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Anne M. CarpenterAugust 18, 2022
A stock photo of a teacher's hands in a classroom with some students.(iStock)

My students know what I am thinking, especially what I am thinking about them. I tell them all the time, though not in so many words, or sometimes in no words at all. They are attuned to my body as it relates to them: tone of voice, physical twitches, facial expressions. My many lectures, words flowing over and through them, pulling them into thought, sometimes, like the undertow of a river, snagging at limbs.

Sometimes I am not saying anything. But this is data, too: there are things I do not say, as I stand there and choose what I want to enrich in a student’s guess or comment or question. I apply my comments like gold filigree—delicate, specific, spare. After all, I cannot say everything. And students cannot learn everything at once. I have a particular way of pausing, or so I am told, where I seem wholly absorbed in thinking through what we are saying to one another. I stop and I think about it. I say nothing. I’m there and far away. Into the silences, students read tacit admissions and omissions of all kinds. I am a book that they read again and again.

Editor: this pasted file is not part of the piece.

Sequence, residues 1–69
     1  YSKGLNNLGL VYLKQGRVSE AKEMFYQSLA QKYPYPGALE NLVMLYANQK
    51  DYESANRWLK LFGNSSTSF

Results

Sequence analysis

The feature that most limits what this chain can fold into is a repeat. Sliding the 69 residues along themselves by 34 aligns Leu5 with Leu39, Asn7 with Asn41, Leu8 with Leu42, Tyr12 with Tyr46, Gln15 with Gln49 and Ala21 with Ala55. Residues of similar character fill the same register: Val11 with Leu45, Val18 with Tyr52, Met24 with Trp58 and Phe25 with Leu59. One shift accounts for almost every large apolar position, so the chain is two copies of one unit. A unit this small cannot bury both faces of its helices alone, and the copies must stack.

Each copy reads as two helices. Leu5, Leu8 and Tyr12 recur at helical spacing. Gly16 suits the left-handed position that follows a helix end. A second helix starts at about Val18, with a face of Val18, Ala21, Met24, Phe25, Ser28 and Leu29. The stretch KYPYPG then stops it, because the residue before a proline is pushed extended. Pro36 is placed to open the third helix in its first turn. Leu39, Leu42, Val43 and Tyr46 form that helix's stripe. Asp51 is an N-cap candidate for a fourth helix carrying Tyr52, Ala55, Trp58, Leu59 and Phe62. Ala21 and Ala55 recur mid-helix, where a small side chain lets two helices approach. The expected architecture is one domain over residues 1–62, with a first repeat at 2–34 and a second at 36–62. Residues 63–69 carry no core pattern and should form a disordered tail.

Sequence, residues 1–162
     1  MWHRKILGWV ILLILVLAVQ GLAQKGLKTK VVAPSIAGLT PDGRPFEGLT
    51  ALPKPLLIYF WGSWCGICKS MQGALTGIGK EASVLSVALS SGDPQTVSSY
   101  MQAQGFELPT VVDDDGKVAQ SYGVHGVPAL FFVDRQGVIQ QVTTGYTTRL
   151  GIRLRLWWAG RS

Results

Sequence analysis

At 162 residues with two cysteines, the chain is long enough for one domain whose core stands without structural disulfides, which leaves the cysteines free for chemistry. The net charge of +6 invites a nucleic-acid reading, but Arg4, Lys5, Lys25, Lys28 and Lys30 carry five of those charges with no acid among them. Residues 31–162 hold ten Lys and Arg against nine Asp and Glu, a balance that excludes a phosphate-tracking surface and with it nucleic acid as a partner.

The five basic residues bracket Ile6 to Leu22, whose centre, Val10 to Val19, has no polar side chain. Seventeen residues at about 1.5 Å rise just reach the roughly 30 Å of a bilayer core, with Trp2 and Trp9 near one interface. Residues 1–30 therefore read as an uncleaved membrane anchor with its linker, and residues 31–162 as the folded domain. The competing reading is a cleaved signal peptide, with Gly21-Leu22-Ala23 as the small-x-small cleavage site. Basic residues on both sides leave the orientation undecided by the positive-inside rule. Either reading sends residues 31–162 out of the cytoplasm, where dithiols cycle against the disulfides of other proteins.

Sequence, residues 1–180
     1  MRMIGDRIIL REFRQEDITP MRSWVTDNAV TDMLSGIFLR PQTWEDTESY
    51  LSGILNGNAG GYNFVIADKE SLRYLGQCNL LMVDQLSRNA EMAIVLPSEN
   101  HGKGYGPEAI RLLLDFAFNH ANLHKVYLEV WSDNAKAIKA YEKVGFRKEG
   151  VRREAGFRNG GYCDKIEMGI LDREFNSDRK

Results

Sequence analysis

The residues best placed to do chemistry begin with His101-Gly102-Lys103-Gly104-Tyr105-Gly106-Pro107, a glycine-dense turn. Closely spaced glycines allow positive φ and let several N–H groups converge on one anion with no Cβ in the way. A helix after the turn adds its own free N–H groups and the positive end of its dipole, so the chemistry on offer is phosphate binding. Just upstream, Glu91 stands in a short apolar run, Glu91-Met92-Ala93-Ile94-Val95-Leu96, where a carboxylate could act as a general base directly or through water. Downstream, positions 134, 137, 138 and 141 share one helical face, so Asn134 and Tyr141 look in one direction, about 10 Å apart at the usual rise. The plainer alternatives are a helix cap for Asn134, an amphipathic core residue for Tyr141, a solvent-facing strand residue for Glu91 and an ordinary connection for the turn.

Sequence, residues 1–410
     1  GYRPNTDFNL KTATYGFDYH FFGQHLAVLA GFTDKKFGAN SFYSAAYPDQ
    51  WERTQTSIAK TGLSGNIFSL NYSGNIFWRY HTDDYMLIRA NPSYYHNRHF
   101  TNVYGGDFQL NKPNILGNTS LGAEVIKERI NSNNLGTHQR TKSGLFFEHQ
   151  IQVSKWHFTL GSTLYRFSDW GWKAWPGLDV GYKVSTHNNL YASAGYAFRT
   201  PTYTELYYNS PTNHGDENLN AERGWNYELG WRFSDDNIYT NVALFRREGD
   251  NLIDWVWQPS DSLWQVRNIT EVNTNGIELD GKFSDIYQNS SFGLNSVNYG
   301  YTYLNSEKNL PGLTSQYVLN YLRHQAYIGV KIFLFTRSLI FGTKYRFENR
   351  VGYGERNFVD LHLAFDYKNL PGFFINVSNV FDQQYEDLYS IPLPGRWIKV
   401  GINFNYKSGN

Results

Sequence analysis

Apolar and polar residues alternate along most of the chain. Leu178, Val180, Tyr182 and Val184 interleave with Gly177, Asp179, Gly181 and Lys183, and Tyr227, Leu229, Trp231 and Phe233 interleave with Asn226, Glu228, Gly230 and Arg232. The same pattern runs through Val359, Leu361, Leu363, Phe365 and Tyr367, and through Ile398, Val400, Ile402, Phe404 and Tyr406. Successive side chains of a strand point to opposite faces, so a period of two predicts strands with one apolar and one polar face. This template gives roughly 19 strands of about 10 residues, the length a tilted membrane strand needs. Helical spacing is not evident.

Into the silences, students read tacit admissions and omissions of all kinds. I am a book that they read again and again.
 
Aware of this dynamic, I work hard to let go of any tiny resentments that can build in the back of a professor’s head and then be read by those in front of it: Why do you not read? I catch myself thinking. Why do you not listen? Why do you not know this thing you have been told? Why are you not curious? Why do you refuse my passion with your gestures of indifference?